A two(0);
  two = one;//compile error - assignment disabled
}//destructors called, double delete bug impossible

I'll stick with cleaner, simpler, safer, more predictable code tongue.png

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So, I would treat "I need to throw an exception from this constructor" as a code-smell, indicating that you probably need some DI and IoC up in yo code.

Which brings us right back to items covered on page one of the discussion...

I would never do anything "complicated" inside the constructor, like loading images, setting up textures, etc.  I would just initialise member variables to a known state and leave the other stuff for an init function/method or using getters/setters, depending on the situation.  I wouldn't do anything that could throw exceptions inside a constructor.

The best constructors are the ones that instantly init to an empty or blank object, deferring the heavy processing work so the developer can schedule the work to a time and place that is appropriate.
 
If you must do work, and especially if that work can fail, it seems like you are doing more than constructing an object.

If an empty state makes sense, like for a std::vector, then sure.
Otherwise, an empty state followed by initialization is still a code smell, indicating you need some DI and IoC in there.

Aregee's quote there particularly indicates that DI is the solution, rather than two-phase initialization.

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The problem with C++ is that constructors and destructors are often called implciitly without the programmer realizing it, in addition the compiler generates default constructors in any case.

This translates to: 
The people working on this project only know C, and are only just learning C++ now...
 
If you're part of an organization with a lot of C programmers, and you're transitioning to C++, then this might be a very valid decision...
But if you're trying to hire new programmers to work on a C++ project, people who don't realize how constructors/destructors actually work will fail the technical interview and not be hired...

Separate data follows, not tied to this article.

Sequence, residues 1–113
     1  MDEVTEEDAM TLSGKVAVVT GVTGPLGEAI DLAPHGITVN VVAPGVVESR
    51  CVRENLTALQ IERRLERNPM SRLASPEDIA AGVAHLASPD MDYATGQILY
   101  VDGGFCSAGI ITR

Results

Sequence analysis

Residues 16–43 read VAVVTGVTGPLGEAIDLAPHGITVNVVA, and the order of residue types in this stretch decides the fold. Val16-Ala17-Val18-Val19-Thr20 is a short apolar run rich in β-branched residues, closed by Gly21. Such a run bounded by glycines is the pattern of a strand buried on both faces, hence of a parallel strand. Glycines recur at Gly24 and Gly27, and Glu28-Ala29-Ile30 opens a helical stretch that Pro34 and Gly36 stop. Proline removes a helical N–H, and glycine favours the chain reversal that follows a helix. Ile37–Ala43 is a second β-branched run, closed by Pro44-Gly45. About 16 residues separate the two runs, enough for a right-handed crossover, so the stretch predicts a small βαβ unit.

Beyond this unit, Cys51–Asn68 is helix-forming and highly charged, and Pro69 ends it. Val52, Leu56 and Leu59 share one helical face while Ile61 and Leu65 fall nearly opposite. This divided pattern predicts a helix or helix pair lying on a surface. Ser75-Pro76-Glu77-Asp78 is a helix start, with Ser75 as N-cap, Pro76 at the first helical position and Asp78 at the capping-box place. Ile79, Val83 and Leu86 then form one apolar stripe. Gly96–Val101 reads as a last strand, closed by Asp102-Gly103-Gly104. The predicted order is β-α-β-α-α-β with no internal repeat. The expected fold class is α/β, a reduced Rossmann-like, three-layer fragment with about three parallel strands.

Your example code is a lot smaller and clearer when written using C++ constructs:

class A : boost::noncopyable {
	int* intPtr;
	int intPtrSize;
public: 
	 A(int size) : intPtr(new int[size]), intPtrSize(size) {}
	~A()  { delete[] intPtr; }
};

class B : boost::noncopyable {
	A a;
	float *floatPtr;
	int floatPtrSize;
public:
	 B(int aSize, int bSize) : a(aSize), floatPtr(new float[bSize]), floatPtrSize(bSize) {}
	~B() { delete [] floatPtr; }
};

It's also safer in that it cannot be misused by the programmer. E.g. A requires a size value for it to be initialized. If inside B, we remove "a(aSize),", then you'll get a compile error saying that you've forgotten to initialize a.
In your original code, if we remove "a.init(aSize);" from B's init function, we get no such compile-time error.
Your original code also allows the user's of A/B to call init or despose more than once per object, or not at all. The C++ method ensures they're called exactly once each, and in the right order.
 
You've also broken the rule of three by having custom clean-up code in a class without custom cloning/assignment code. This lets the users of A/B create code buggy code, like this:

A one; one.init(42);
A two; two = one;
one.despose();
two.despose();//double delete bug

If you actually use C++, then such bugs aren't possible, with compile-time errors generated instead:

{ A one(42)
  A two; //compile error - default initialization disabled
  A two(one); // compile error - copying disabled
  A two(0);
  two = one;//compile error - assignment disabled
}//destructors called, double delete bug impossible

I'll stick with cleaner, simpler, safer, more predictable code tongue.png

 

 

What happens with that approach if you make an array of A objects ?   What happens if an exception gets thrown in A's constructor?  (B is left in an undefined state)

 

Also, boost isn't an integrable part of C++.  Alot of people dislike it because it slows down compilation time considerably.  I also don't like the idea of relying an external library for something so basic like proper initialization of my objects.

Edited by SunDog

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1) What happens with that approach if you make an array of A objects ?
2) What happens if an exception gets thrown in A's constructor?  (B is left in an undefined state)
3) Also, boost isn't an integrable part of C++.

1) You use a std::vector / etc instead of C arrays, if required.
2) IMHO, I'm personally of the opinion that C++ exceptions are broken by design and shouldn't be used....
That said, an exception thrown by A's constructor would bubble up out of B's constructor too though, so you won't have a B object afterwards.
In this particular example, the floatPtr var won't be initialized yet, so you won't have a leak. In other cases yes you could get leaks, so a unique_ptr/auto_ptr/etc should be used instead of a raw float*... or you should fix your OO design as in the other post above, using DI to move the failable parts to before the constructor.